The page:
On March 26, 2003, the trial court fixed the attorney’s fees awarded in its November 12, 2002 order at $9,680.07. Adams v. Island Homes Constr., Inc., 11 FSM Intrm. 445, 447 (Pon. 2003).

    Trial was held on October 27, 2003. On December 1, 2003, the trial court issued its findings of fact and conclusions of law, Adams v. Island Homes Constr., Inc., 12 FSM Intrm. 234 (Pon. 2003), and the clerk entered judgment. The trial court found Felix liable to the Adamses for a total of $131,995.78 plus attorneys fees based on a provision in the written credit agreements. Id. at 237-38. The bank was found liable jointly and severally with Felix (for supplies for the Panasang project, including prejudgment interest per the Adamses credit account agreements) for $69,599.02 plus the plaintiffs’ attorney’s fees incurred in pursuing their claims against Felix. The bank’s liability for that amount of damages was based on the trial court’s previous Rule 37(b)(2)(A) sanction, id. at 238, 241, and upon the amended complaint’s third-party beneficiary claim based upon paragraph 13 of the Perman loan agreement, id. at 239-40, 241-42. The trial court left open whether the Adamses were entitled to attorney’s fees incurred in pursuing its claims against the bank directly. Id. at 243.

     On December 11, 2003, both Felix and the bank filed notices of appeal (docketed as P5-2003).

     On July 7, 2004, the trial court declined to award any further attorney’s fees against the bank based on its vexatious conduct because it had already awarded attorney’s fees under Rule 37. Adams v. Island Homes Constr., Inc., 12 FSM Intrm. 541, 543 (Pon. 2004). On September 30, 2004, the trial court awarded the Adamses attorney’s fees of $19,799.36 (15% of $131,998.72 judgment) jointly and severally against Felix and the bank. Adams v. Island Homes Constr., Inc., 12 FSM Intrm. 644, 647 (Pon. 2004).

    On October 5, 2004, the bank, and on October 8, 2004, Felix appealed the September 30, 2004 fee award (docketed as P5-2004). On March 21, 2005, a single appellate justice consolidated the P5-2003 and P5-2004 appeals. On April 28, 2006, the Felix appellants were dismissed as parties because of their failure to file an opening brief. FSM App. R. 27(c).

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II.   Issues Presented

     The bank contends:

1)  that the trial court erred in not recognizing a financial privacy privilege with respect to non-party borrower records;

2)  that the trial court erred in requiring the production of non-party borrower records without the bank’s requested safeguards;

3)  that the trial court violated the bank’s constitutional rights to procedural and substantive due process by imposing on the bank (what it calls terminating) sanctions under Rule 37(b) for the bank’s resistance to producing a document during discovery;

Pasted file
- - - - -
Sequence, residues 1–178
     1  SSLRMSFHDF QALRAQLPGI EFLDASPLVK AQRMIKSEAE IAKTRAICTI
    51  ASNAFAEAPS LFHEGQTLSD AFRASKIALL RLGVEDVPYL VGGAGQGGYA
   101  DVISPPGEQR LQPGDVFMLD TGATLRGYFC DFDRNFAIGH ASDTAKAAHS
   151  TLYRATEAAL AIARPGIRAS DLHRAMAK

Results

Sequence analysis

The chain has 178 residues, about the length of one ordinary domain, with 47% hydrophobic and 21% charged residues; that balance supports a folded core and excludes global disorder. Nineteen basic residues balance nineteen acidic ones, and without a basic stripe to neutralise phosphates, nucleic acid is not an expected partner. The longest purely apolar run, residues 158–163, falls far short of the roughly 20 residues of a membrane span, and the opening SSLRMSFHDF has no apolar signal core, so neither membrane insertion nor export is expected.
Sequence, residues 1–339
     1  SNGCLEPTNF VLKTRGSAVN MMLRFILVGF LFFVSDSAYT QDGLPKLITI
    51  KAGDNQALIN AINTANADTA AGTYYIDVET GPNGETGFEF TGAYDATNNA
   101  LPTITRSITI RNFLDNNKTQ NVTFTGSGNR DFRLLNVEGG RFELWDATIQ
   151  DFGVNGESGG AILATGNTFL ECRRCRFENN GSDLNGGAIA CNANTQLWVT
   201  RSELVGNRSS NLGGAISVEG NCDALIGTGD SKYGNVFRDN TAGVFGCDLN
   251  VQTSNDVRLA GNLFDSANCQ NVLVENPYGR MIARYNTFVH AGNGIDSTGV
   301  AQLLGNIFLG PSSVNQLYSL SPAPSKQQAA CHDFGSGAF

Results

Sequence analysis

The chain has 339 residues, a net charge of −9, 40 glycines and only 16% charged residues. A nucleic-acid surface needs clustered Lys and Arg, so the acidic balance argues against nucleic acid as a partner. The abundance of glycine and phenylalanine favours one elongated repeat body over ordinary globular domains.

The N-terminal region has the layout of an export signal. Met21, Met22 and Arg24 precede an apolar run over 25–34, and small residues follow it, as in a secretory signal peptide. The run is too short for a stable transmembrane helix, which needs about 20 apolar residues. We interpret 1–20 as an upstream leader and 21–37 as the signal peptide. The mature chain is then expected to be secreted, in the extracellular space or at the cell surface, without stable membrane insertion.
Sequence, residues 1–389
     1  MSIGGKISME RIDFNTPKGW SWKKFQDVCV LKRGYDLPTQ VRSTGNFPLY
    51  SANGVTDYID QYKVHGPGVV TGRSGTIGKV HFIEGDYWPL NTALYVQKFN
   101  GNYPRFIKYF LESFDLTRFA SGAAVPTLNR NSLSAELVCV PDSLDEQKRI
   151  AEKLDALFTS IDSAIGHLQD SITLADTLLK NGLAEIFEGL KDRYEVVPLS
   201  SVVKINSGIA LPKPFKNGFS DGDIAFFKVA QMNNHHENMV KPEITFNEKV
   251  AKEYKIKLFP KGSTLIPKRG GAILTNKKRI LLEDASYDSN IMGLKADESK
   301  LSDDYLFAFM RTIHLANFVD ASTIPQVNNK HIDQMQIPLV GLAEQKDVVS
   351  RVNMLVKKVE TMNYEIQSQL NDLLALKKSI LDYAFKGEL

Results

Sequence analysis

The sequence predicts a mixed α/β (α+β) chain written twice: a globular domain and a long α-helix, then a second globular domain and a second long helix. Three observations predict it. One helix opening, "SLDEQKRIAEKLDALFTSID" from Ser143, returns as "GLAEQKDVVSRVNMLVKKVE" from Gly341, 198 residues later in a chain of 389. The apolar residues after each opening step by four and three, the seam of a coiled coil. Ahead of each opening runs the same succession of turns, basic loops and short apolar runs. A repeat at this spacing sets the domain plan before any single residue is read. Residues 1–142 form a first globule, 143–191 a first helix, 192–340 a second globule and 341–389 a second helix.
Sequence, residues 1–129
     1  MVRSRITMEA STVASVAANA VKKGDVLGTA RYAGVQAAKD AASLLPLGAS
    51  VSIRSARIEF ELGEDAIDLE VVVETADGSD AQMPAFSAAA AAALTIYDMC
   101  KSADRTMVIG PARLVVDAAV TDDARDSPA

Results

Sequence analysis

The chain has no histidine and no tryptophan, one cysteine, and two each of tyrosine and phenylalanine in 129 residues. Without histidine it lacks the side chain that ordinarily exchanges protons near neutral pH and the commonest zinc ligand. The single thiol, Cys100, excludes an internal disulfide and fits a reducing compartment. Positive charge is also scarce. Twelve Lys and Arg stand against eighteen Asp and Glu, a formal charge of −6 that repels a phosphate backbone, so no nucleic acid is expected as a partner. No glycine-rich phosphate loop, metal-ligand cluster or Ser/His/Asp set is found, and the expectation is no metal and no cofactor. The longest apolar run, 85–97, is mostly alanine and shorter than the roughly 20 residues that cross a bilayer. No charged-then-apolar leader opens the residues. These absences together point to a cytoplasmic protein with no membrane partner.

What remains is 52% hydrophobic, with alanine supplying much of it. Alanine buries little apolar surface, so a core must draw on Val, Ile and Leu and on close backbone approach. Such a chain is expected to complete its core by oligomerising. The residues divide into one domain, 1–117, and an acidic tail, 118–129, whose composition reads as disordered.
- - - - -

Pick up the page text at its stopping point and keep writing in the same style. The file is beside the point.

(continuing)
4)  that the trial court violated the bank’s constitutional rights to procedural and substantive due process by failing to give it adequate notice and opportunity to be heard before imposing those sanctions;

5)  that the trial court abused its discretion in imposing those sanctions;

6)  that the trial court erred in imposing those sanctions because, in the bank’s view, they were of a punitive nature as in criminal contempt proceedings, without the level of due process required for such

proceedings;

7)  that the trial court abused its discretion by awarding attorney’s fees for discovery disputes;

8)  that the trial court erred in applying a third-party beneficiary interpretation to the loan agreement at issue; and

9)  that the trial court erred in awarding attorney’s fees as part of the third-party beneficiary claim damages.

     These nine issues may best be distilled into five: a) whether the trial court should have recognized a bank records "privilege" and conducted its own in camera review of the bank’s non-party borrower records [issues #1-2]; b) whether the trial court violated the bank’s due process rights or abused its discretion by imposing "terminating sanctions" on the bank [#3-6]; c) whether the trial court abused its discretion in awarding attorney’s fees sanctions [#7]; d) whether the trial court erred in determining that the Adamses were intended third-party beneficiaries of the Perman loan agreement [#8]; and e) whether attorney’s fees could be awarded as part of the third-party beneficiary damages [#9].